This whole sequence could have been cliche, saccharine, boring or any combination thereof – but it was none of those things. The scenes between Meow (real name Me#$%*, Mii-kun for short) and his family are genuine, unpretentious, funny and surprisingly emotionally resonant. Betelgeuse is a backwater – a planet with nothing much there except a “NO MICE” road sign – and Meow’s family, a working-class bunch living in a modest, somewhat ramshackle house. There are several younger siblings, a kind and supportive Mom (Ichijou Miyuki), old pals and and old crush. Most importantly there’s Dad (Yamaji Kazuhiro, genuine and utterly convincing), a simple, honest stiff who makes screws in a one-man workshop that not even he can tell you the use of. But it puts food on the table and a roof over the kittens’ heads, and it’s clear from the beginning that Dad isn’t the complaining type.
It’s easy to see why Meow wanted to get away from this place – it’s the same story for kids from small towns all over the world. But just as obvious is the emotional connection to his parents, who’re not at all angry or judgmental about Meow’s decision to flee, even though as the eldest son Meow should have taken over the factory. Meow’s dilemma is a universal one – it kills him to be stuck in this place but leaving it behind he leaves part of himself, too. It takes a while (108 loops, in fact) for any of the BBP trio (Baka, Bonehead, Pinhead) to realize that the days don’t just all seem the same – they actually are the same.
What to do when tomorrow won’t come? One of Meow’s middle school pals says it’s easy, just go to Yahoo Answers – which they do, and quickly are given the reply “Google it, idiot! You probably just forgot to tear the page off the calendar, LOL.” That’s a brilliant gag on so many levels, but it does turn the trio’s attention to the calendar in Meow’s house, which stubbornly resists everything the BBP can throw at it. It falls to Meow’s Dad – “I’ve been a metalworker all my life” – to save the day. Literally, in this case.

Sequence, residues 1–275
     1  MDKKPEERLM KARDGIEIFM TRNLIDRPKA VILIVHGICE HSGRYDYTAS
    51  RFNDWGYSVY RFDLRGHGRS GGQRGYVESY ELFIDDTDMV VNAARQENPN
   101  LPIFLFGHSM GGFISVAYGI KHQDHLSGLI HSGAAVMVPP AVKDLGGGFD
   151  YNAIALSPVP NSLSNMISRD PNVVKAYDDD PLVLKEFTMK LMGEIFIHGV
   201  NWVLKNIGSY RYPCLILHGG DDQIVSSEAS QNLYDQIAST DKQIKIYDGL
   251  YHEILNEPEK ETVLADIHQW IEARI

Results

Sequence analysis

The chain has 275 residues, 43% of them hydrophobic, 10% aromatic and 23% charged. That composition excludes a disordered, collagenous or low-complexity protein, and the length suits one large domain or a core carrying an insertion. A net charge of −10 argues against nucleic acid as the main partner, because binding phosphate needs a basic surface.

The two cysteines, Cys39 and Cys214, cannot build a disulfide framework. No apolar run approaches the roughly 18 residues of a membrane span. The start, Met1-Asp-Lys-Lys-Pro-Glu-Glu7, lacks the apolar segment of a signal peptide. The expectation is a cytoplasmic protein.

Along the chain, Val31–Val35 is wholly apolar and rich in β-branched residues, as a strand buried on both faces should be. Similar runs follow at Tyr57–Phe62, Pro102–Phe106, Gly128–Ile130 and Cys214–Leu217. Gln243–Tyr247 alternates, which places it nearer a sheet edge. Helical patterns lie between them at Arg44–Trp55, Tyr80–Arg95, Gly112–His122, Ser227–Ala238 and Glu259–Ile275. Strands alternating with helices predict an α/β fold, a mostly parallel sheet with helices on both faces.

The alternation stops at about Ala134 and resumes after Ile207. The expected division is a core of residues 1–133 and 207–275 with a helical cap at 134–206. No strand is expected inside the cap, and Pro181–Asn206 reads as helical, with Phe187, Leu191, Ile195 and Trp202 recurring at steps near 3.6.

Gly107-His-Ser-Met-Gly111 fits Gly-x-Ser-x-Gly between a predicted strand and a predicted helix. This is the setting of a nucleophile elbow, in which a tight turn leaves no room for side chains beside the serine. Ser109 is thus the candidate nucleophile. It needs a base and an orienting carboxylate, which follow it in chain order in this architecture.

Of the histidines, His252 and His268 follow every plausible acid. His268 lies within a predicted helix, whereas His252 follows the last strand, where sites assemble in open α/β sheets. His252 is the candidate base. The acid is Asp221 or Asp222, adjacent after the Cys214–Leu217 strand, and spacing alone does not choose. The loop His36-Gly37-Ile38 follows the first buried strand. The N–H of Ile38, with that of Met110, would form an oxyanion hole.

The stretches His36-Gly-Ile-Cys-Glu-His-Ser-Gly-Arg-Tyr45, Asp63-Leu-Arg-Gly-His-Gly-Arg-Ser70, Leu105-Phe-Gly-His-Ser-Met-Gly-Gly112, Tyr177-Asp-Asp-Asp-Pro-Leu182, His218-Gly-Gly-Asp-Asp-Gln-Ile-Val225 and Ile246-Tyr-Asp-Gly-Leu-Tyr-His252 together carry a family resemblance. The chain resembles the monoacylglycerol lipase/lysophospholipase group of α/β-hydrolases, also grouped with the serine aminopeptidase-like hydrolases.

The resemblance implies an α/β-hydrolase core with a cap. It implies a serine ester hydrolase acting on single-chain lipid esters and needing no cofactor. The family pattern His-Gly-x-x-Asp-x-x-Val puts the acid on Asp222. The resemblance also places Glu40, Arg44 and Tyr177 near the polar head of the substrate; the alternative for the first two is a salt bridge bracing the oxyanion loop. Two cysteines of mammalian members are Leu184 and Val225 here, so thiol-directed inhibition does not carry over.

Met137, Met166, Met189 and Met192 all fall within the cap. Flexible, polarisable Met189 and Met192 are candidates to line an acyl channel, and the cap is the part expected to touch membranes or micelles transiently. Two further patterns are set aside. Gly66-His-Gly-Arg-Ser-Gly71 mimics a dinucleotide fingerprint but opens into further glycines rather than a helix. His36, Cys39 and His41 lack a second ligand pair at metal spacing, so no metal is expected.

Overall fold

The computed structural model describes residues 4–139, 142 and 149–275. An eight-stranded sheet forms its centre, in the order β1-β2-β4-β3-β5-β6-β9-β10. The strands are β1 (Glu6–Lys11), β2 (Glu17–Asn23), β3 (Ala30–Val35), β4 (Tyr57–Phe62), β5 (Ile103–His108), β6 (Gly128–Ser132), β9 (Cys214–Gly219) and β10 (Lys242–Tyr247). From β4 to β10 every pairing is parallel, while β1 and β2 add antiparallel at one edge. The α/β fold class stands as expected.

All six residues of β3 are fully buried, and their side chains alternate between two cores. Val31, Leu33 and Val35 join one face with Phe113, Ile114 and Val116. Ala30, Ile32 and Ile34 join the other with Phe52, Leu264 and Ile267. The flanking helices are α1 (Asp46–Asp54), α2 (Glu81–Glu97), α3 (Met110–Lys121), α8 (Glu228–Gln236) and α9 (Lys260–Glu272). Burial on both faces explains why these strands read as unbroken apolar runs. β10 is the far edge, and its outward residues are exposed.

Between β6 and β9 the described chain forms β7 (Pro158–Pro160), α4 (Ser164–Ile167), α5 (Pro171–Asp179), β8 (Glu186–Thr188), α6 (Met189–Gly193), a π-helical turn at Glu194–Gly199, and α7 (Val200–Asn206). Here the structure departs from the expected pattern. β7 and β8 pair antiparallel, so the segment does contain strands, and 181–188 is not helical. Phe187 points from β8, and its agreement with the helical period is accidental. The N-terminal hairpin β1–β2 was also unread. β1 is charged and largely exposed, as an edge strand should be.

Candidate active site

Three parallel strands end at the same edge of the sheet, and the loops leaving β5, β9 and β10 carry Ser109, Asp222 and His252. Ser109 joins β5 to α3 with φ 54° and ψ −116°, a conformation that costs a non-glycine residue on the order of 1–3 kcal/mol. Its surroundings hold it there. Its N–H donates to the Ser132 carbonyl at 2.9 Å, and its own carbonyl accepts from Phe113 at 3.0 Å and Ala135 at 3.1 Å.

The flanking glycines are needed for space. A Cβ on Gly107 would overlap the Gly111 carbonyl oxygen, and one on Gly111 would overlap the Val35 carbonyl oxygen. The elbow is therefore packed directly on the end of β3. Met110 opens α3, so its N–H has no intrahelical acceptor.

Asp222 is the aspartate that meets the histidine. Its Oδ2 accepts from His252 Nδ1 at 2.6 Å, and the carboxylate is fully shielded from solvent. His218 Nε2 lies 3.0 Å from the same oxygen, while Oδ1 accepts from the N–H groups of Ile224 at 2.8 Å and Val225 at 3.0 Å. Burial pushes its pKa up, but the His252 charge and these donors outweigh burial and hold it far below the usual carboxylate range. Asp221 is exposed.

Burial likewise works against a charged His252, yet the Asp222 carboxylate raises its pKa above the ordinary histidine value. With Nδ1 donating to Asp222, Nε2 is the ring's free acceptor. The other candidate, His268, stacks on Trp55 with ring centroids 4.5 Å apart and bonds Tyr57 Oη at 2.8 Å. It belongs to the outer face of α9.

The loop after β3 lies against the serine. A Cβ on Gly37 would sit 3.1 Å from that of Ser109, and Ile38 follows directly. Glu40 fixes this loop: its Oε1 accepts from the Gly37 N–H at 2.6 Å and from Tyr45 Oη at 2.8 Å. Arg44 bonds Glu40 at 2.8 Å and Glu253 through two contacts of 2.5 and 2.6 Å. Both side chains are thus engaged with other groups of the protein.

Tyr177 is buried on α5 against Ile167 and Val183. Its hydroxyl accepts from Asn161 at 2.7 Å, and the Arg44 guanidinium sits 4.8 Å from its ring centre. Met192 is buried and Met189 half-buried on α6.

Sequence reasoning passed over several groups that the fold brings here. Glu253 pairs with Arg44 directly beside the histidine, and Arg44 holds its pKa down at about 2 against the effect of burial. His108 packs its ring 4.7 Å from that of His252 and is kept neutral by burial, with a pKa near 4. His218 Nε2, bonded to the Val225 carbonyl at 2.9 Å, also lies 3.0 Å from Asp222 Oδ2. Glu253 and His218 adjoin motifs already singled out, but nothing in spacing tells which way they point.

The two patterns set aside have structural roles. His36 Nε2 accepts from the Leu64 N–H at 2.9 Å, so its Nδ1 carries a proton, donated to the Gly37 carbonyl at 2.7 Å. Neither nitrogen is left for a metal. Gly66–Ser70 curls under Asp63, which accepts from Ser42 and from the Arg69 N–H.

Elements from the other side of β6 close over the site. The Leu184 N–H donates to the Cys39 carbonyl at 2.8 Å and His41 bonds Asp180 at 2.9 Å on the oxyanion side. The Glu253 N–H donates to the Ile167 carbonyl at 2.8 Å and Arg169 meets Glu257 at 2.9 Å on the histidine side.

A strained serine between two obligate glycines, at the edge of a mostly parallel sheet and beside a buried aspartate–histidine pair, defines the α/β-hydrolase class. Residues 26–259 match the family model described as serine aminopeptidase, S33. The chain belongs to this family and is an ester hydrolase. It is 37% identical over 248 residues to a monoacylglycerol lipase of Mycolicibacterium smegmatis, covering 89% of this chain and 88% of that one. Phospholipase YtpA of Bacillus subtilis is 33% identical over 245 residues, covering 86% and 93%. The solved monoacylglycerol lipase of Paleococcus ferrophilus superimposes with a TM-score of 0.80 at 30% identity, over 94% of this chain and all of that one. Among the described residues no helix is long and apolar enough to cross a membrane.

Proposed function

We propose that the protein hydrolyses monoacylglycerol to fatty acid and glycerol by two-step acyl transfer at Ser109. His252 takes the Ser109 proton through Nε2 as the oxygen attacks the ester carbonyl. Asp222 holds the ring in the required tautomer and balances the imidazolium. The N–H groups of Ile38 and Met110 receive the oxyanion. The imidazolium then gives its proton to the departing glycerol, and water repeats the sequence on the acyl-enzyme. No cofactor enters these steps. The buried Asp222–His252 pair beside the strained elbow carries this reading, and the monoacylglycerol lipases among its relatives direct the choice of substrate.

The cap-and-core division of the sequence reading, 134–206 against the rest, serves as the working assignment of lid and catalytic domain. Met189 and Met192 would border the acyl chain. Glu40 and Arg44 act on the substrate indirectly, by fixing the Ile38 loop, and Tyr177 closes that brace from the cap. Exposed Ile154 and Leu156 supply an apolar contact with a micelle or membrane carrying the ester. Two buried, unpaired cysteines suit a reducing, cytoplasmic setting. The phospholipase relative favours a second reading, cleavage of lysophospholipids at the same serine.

I don’t want to make too much of it, but this episode is actually pretty deep. You’d think that being forced to repeat the same day in a place he couldn’t wait to flee would be pure hell for Meow, but he actually begins to appreciate the appeal of it. His old crush Katie (Matsuki Miyu) works as a hostess at “L’il Mama’s”, and there are wistful notions of settling down – though she crushes those by revealing that she’s a lesbian. There’s also a chance to let Meow’s father know that he appreciates him and that’s he’s sorry he can’t follow his path, and a “grass is always greener” realization that a comfortable daily routine has its own charms. The time loop is just a metaphor, of course, a stand-in for the daily routine that’s at the heart of so many lives – and highlights the choice so many young people must make between the lure of adventure and a new vista every day and the knowledge that you’ll never want for a bed, food on the table and people who care about you close-by.
After Meow’s father fixes the time loop (if only it were that easy) there’s a fairly low-key farewell with the family where Dad tells his son that he should live whatever life he wants to lead. A return to the Aloha Oe means a return to that life – and it turns out that not recognizing time loops may be a more common problem than we realize. It’s a beautiful way to close to loop on a beautifully written story, another winner for a show that’s really firing on all cylinders now. It’ll be very interesting to see what sort of series this ends up being in the second season – will this episodic one have been the introduction, or will Space Dandy continue to put on a new guise every week, each episode only loosely connected to the others? I’m not sure which I’d prefer, to be honest – as much as I’d like to see Watanabe tackle a larger plot I’ve become quite taken with the prospect of a completely different style and tone every week, and curious to see where else Watanabe and his team can take us.